James Everett Stuart Biography

Born in Bangor, Maine, James Everett Stuart became known for his panoramic landscapes from Maine to California to Alaska to the Panama Canal, but especially of the American West with focus on Northern California and Oregon. Reportedly he painted more than 5000 paintings during his lifetime and originated a method of painting on aluminum and wood with a special adhering process that he thought made his work quite durable but proved not to be so. He also wrote on the back of most of his paintings.

His parents took him to California at the age of eight, and the family settled in San Francisco where he attended the public schools and studied art with Virgil Williams, Raymond Yelland, Thomas Hill, and William Keith at the San Francisco School of Design. His early work was dramatic California landscape including the Sacramento and San Joaquin rivers, and in style the works were moody and mysterious and suggestive of the French Barbizon School. He first traveled to the Northwest in 1876, and in 1881, he opened his studio in Portland, Oregon and from there traveled throughout the West and East Coast and into Mexico. Subjects included Yosemite as well as California missions and adobes. He painted landscapes whose sales ultimately were financially remunerative and which established his reputation. In 1885, he first went to Yellowstone where he camped for several weeks, supplied himself with fish for food, climbed steep cliffs including Electric Peak, and filled his sketchbook for studio paintings. The following summer, Stuart returned, having negotiated a free pass from the Northern Pacific Railroad in exchange for paintings. At the end of the summer, he went East to New York City on the return part of his train pass. Settling a studio in New York for four years, he continued to arrange several more summer railroad passes to Yellowstone. He was unable to arrange a formal arrangement for painting sales from the Park's gift shop, so he sold paintings from his tent.  Of those years, he expressed that he much preferred being in the park to studio painting, but he stopped visiting in 1889 and instead traveled to Alaska and the Coastal Range.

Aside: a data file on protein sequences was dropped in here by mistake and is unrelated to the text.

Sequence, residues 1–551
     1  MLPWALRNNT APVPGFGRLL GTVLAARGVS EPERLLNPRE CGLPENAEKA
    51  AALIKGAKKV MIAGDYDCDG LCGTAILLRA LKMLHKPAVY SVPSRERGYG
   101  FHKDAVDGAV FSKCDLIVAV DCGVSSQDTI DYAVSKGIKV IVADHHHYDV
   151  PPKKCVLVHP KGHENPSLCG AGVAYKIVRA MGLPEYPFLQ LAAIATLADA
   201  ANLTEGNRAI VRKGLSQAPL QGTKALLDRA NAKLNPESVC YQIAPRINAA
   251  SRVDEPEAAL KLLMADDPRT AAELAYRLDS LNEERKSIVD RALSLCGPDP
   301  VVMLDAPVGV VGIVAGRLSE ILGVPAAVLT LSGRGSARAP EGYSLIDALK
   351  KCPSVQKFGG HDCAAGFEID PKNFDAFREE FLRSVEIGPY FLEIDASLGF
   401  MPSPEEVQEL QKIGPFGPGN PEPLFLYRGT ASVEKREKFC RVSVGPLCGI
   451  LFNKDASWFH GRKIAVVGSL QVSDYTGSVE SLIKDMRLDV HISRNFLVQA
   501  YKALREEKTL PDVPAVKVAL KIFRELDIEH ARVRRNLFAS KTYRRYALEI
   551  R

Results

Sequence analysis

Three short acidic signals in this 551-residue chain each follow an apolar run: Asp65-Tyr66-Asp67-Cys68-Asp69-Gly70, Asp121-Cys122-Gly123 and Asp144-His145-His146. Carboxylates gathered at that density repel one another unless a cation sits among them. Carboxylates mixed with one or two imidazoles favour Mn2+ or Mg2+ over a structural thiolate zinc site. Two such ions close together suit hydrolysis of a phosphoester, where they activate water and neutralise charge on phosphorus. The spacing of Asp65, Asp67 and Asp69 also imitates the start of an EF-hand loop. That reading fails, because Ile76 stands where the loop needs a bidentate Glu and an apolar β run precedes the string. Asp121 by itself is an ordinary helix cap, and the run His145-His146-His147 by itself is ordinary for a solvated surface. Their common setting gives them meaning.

During much of the 1890s, he lived in Chicago, but in 1912 returned to San Francisco until his death in 1941. There, from his studio near Union Square, he was highly successful and popular among his peers, underscored by his membership in the Bohemian Club. Many of the owners of old homes in California have his paintings on the wall, suggestive of a time of grandeur. One of his paintings is in the White House, and his work is in the historical societies of Oregon, Washington, and Montana.

Source:AIC//Hughes; Drawn to Yellowstone/Hassrick; Encyclopedia of Artists of the Am. West/Samuels